Winter is not when you want to be broken down on the side of the road
Cold weather takes a toll on the cars battery. The colder it is the less cranking power your battery provides. A car battery needs to have 12 volts of power to turn your starter and get your engine firing. A battery that fired every time during the summer may not have the power needed when the temperature reaches sub freezing.
To check the battery head down to the local auto parts store. Most auto repair stores, especially the big box parts stores, will hook the car’s battery up to a professional grade tester at no charge. They will be able to tell if a battery has enough life left in it to get through the winter.
With a properly operating battery on board it is important to make sure components are not left draining the battery while parked. Check the headlights and radio when parking. On a last note, if a car is parked without being used for days at a time a battery tender will keep it working--a battery tender is a simple tool that connects to a battery and plugs in to any electrical outlet, it keeps a proper charge on a battery when not in use.
A standard battery tender
The life blood of an engine is the oil and winter is no exception. Maintaining the oil will extend the life of an engine and help prevent undue breakdown in cold temperatures. An old myth surrounding motor oil is changing the weight in the winter. Cars built during and after the eighties should just follow the manufactures specifications year round. To find out the proper weight oil for a car just check the owner’s manual.
Oil needs changing every three thousand miles or three months, which ever comes first. This still holds true in cold weather and is difficult for the “do it yourself” mechanic, especially with some snow on the ground in the driveway. If it becomes too cold to do it yourself then pay to have the process performed at a speedy change facility. In between regular changes check the oil on the dip stick once per week. To check the oil level open the hood and find the dip stick, usually labeled oil or with an oil can picture. With the engine-turned off, pull the stick straight out and wipe it clean with a rag or paper towel. Insert the stick back in its hole all the way and remove it once more. Check that the oil residue appears in the proper hashed area on the dip stick.
While it seems counter intuitive to check coolant in cool weather, coolant is just as important in the winter time as it is in the summer. Make sure to check the coolant reservoir during your weekly under the hood check. Coolant should settle at the cold full line after sitting for the night. If it is low, top it off with the proper coolant. Check your owner’s manual for the right coolant for the vehicle. A general rule is do not mix red coolant with green coolant and use a 50/50 pre-mixed coolant solution from the auto parts store. If water added without coolant over the summer has not been mixed yet, make sure to add a coolant to prevent the water from freezing in your engine and causing irreversible damage.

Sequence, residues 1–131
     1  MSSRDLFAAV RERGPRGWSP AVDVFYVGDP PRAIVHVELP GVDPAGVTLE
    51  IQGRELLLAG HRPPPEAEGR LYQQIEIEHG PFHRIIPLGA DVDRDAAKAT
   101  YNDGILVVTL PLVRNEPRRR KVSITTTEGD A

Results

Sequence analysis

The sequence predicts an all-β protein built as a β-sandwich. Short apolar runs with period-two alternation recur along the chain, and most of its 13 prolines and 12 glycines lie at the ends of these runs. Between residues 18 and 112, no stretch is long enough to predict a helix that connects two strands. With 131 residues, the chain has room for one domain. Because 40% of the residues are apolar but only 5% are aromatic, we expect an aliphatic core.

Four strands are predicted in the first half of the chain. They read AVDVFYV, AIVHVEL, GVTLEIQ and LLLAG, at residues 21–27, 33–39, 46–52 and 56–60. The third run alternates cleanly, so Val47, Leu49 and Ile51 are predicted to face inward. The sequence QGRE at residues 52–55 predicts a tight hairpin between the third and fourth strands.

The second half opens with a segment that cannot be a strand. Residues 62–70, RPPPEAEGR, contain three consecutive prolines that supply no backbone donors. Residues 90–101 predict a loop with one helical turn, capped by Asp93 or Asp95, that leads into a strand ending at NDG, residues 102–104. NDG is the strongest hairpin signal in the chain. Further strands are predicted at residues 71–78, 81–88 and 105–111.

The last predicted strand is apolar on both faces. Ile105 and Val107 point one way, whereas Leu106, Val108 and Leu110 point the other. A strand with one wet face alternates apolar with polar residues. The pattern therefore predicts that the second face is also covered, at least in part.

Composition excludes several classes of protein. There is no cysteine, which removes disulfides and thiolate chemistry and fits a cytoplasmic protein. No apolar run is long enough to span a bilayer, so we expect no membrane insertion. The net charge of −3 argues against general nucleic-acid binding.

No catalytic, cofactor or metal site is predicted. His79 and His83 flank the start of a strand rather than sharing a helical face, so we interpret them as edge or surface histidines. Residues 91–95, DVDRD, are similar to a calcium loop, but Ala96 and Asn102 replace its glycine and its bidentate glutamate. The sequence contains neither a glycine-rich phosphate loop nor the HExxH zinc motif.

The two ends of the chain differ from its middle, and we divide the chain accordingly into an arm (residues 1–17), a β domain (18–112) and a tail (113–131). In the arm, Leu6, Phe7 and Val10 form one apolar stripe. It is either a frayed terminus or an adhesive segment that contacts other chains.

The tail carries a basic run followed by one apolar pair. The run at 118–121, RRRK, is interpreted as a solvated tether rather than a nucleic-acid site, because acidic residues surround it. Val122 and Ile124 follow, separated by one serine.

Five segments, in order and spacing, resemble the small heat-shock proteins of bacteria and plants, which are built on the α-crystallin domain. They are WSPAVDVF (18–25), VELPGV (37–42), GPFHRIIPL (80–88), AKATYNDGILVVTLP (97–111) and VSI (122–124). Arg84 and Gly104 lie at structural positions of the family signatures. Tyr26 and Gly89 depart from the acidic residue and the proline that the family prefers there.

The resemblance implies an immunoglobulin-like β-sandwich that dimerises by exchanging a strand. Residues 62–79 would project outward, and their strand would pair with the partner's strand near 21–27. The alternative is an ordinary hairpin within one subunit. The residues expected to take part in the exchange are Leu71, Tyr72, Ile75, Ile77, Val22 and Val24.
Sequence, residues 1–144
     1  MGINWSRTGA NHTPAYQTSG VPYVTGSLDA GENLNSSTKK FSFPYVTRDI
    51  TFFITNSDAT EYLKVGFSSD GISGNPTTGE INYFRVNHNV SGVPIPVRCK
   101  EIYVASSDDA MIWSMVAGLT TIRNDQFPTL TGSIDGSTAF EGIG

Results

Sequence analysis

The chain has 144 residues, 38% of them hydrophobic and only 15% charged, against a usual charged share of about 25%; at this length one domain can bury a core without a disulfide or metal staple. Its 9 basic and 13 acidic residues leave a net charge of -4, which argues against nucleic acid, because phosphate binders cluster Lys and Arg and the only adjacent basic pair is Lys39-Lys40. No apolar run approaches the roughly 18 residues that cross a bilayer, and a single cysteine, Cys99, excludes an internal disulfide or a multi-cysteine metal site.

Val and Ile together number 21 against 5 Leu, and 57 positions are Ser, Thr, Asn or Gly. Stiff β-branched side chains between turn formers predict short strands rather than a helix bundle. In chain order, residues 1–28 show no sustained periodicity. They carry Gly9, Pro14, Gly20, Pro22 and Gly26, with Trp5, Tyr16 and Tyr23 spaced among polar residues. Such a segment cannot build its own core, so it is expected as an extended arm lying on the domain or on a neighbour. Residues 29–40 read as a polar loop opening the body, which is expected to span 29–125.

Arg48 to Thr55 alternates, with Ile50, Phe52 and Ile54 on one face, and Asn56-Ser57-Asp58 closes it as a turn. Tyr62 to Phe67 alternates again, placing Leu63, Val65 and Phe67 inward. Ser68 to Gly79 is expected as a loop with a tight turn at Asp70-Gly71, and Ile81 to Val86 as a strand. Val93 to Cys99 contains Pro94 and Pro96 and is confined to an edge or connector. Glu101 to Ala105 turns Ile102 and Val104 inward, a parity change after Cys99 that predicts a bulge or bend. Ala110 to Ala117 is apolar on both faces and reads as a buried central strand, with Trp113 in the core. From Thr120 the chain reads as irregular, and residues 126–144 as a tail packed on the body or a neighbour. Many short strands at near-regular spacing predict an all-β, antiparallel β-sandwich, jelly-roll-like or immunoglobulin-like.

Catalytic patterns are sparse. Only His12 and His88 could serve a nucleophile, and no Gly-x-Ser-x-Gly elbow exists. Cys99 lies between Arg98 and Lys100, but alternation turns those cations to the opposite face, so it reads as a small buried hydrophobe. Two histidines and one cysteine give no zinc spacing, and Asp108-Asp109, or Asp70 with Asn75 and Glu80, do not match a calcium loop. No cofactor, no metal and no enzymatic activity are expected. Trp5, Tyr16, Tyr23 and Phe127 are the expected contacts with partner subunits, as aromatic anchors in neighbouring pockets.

Along with checking the coolant weekly check all the rubber hoses under the hood. Just give a good visual inspection for any cracks, discoloration, leaks, or collapsed areas. If a hose does show excessive wear have it replaced before further damage occurs.
4 Wheel Drive
Check to make sure the four-wheel drive system still operates properly before needed in a critical situation. Four wheel drive, like most other things in life, tends to stop working if never used. To make sure it is working engage the four-wheel drive in both high and low. It will be obvious if engaged properly. If unsure put the vehicle in park, block the wheels, and crawl under the vehicle. Grab the front drive shaft going to the front of the vehicle and try to turn the drive shaft clockwise and counter-clockwise, it should not free spin. To help keep the four-wheel drive system operating when needed engage it once monthly even in the summer time. This helps keep the solenoids working properly and will let you know when there is a problem before needed.
While these tips will help prevent a break down there are still many things that can go wrong in the winter. Before going out on the road in the winter prepare an emergency kit that includes:
- first aid kit
- space blankets
- road flares
- a car charger for a cell phone
- three MRE’s
Make sure when going out someone knows where you are going and about when you will return. Have a fully charged cell phone with you to reach help if needed. Following these winter driving tips will give peace of mind heading out the door and prevent panic if the worst situation does occur.